New data shows air quality is improving both in Bath city centre and outside the Clean Air Zone (CAZ) following the introduction of the scheme.
A report to be considered by cabinet on Thursday 9 September reveals that nitrogen dioxide (NO2) levels have dropped by more than 12% compared with the same quarter in 2019, but have the potential to exceed government limits at four locations within the zone.
The report, the first in a series which will regularly monitor the performance of the CAZ, reveals that the number of chargeable non-compliant vehicles entering the zone since its launch has dropped with the percentage of compliant vehicles in the chargeable categories, (i.e., taxis, vans LGV’s, buses, coaches and heavy goods vehicles HGV’s) increasing by an average of 49% over the same period.
All but three of the 220 buses that operate on scheduled routes in the zone and more than 90% of HGVs and 90% of taxis travelling into the zone are now compliant with emission standards.
The report also confirms that more than one thousand non-compliant vehicles have so far been approved for the council’s financial assistance scheme, in addition to businesses and individuals upgrading vehicles using their own resources.
Councillor Sarah Warren, Deputy Leader and cabinet member for Climate and Sustainable Travel, said: “This is very encouraging news. The aim of the Clean Air Zone is to improve air quality and reduce pollution which can have a devastating impact on people’s health, triggering asthma attacks and making heart and lung conditions worse. So, I’m pleased that the early indications are that the Clean Air Zone is working.
“It is, however, early days and more time is needed. Normal traffic volumes in the city have been affected by Covid and the closure of Cleveland Bridge has caused some temporary changes to traffic patterns. I am also concerned that despite significant progress in reducing NO2 levels, there are still four locations in the city – Cleveland Place East junction, Dorchester Street, Victoria Buildings and Wells Road near the Churchill Bridge gyratory – where NO2 levels have the potential to exceed the government target we are aiming for.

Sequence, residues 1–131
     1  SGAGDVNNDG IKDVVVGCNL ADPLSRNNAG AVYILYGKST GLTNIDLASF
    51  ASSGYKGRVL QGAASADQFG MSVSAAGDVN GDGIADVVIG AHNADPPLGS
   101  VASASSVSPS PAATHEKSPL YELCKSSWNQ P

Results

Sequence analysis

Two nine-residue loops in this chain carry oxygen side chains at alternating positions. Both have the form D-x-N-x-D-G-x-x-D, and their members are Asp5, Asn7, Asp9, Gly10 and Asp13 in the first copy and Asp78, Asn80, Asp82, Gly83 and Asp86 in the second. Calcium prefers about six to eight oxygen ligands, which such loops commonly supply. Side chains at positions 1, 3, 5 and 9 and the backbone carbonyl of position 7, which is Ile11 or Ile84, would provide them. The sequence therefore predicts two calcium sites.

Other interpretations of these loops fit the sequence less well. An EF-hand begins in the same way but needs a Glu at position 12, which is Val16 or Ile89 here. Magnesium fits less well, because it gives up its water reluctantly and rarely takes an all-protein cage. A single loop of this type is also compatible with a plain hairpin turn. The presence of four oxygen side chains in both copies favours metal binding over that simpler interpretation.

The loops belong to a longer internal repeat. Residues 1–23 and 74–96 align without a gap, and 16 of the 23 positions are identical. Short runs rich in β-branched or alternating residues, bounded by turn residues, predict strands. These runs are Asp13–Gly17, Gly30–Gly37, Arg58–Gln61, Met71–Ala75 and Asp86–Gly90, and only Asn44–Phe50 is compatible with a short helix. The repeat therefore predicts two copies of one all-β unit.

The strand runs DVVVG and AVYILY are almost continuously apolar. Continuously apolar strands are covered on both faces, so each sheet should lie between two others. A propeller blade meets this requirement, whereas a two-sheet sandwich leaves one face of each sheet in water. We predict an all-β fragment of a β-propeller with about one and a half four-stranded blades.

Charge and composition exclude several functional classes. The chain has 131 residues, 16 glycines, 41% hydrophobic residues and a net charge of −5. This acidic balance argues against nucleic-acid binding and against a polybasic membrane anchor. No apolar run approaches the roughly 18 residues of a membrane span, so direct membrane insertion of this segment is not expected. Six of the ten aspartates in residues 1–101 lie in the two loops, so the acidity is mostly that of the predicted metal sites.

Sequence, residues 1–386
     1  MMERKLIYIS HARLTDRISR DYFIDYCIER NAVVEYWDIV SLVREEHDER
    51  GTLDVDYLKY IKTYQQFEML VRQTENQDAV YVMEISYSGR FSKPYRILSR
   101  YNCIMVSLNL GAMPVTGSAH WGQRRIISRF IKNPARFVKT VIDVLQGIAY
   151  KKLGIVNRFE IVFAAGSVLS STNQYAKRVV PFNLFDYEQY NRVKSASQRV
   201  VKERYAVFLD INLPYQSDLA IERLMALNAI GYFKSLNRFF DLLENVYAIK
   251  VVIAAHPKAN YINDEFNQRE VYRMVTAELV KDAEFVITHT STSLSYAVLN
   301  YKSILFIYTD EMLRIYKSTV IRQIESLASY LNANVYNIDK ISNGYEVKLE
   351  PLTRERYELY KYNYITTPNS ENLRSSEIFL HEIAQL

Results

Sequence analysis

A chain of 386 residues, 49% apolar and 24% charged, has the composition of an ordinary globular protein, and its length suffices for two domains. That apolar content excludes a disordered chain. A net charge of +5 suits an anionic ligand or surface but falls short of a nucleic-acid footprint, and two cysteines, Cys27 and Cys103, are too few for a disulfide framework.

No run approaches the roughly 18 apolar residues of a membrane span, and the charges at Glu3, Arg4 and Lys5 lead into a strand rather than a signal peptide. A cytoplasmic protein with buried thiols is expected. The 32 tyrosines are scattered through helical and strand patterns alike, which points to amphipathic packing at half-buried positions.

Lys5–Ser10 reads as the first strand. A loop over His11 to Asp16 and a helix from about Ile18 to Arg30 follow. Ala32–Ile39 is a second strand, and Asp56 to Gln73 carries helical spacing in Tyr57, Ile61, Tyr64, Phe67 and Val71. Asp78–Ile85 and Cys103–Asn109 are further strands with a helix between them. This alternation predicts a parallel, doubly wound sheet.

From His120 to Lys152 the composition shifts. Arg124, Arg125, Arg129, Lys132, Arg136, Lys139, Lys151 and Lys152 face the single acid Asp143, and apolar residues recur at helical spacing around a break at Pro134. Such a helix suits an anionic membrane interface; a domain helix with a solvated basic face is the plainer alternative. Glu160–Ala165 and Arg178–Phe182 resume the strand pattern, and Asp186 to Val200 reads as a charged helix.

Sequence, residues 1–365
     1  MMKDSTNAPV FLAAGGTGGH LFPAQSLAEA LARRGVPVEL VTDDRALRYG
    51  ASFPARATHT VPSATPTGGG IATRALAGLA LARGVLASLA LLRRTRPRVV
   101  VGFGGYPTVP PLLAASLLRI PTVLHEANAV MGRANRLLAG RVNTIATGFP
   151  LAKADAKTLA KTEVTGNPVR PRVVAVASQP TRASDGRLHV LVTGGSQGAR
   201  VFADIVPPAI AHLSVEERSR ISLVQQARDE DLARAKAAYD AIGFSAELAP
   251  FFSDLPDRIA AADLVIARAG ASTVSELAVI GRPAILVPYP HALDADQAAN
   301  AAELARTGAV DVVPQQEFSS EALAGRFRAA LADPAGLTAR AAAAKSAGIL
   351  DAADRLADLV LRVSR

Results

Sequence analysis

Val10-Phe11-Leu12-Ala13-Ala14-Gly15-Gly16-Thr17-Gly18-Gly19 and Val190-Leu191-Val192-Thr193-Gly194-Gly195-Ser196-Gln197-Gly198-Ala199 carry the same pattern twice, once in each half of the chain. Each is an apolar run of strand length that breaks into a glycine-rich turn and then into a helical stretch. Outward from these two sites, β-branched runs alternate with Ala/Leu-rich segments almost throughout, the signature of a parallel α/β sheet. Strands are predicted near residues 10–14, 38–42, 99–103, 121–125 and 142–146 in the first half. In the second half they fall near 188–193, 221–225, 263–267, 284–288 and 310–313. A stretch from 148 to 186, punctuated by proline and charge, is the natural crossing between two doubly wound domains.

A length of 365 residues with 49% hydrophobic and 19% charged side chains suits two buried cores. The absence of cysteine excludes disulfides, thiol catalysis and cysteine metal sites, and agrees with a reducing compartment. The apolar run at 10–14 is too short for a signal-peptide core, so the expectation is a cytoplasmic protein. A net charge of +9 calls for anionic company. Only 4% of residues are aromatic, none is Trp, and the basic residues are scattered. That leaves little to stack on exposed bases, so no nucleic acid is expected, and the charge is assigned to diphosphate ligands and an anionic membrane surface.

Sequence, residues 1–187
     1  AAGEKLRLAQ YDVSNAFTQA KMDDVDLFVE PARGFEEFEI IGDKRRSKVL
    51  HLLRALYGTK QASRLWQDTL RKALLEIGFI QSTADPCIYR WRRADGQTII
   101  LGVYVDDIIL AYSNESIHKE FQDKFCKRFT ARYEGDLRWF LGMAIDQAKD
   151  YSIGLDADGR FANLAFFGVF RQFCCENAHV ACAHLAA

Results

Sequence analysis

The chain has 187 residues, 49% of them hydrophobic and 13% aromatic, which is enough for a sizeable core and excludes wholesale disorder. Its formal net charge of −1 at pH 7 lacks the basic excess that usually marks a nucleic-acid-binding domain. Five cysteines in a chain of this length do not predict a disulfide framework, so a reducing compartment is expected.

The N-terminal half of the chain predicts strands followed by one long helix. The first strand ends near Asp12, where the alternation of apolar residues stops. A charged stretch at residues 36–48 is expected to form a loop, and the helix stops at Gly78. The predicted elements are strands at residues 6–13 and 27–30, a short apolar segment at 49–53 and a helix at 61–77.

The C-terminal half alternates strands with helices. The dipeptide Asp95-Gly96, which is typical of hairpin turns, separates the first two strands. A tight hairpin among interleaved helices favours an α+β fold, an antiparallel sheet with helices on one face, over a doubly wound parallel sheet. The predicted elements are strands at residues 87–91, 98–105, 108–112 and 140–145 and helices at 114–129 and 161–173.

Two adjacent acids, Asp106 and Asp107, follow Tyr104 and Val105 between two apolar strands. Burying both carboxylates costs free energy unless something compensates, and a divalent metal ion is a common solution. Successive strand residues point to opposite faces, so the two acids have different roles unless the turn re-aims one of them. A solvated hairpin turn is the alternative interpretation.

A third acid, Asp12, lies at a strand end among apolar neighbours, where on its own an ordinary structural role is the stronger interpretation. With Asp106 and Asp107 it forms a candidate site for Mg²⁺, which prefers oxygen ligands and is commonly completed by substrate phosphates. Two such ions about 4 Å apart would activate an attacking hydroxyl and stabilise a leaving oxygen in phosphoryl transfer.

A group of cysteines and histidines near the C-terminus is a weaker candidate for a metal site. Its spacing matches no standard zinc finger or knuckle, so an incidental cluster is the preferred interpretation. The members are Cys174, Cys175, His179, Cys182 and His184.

“We will therefore continue to closely monitor the impact of the CAZ and our progress in quarterly reports.
“Our aim is to meet the government target in all locations, whilst minimising the social, economic and distributional impact of the zone on our residents and businesses. To achieve this, our current focus is on upgrading a relatively small cohort of commercial vehicles and, in particular, older highly polluting vans.
“I am pleased to see that the number of chargeable, non-compliant vehicles entering the zone each day has dropped over the past three months and I’d like to thank those residents and businesses who have already upgraded their vehicles and reorganised their fleets or who are making plans for their vehicles to become compliant with the zone’s emission standards.
“Of course, we are also keeping a very close eye on whether non-compliant traffic is being displaced to areas outside the CAZ. Traffic monitoring indicates that volumes are still down by 9% compared with the same quarter in 2018, but we are investigating where residents and communities have raised concerns. Of the fifteen sites where concerns were expressed four have been found to have no significant issues and investigations into the other eleven are ongoing.”
The Clean Air Zone was launched on 15 March 2021 to urgently tackle harmful levels of air pollution caused by the most polluting taxis, vans, buses and larger commercial vehicles regularly driving in the city.
It was the first charging CAZ to be launched outside London and works to reduce pollution in Bath by levying a £9 or £100 a day charge on anyone driving a chargeable higher emission vehicle in the zone. This excludes private cars and motorcycles which are not charged.
Grants and interest-free finance are available to encourage owners of non-compliant polluting vehicles to replace them with cleaner, compliant ones, not subject to charges.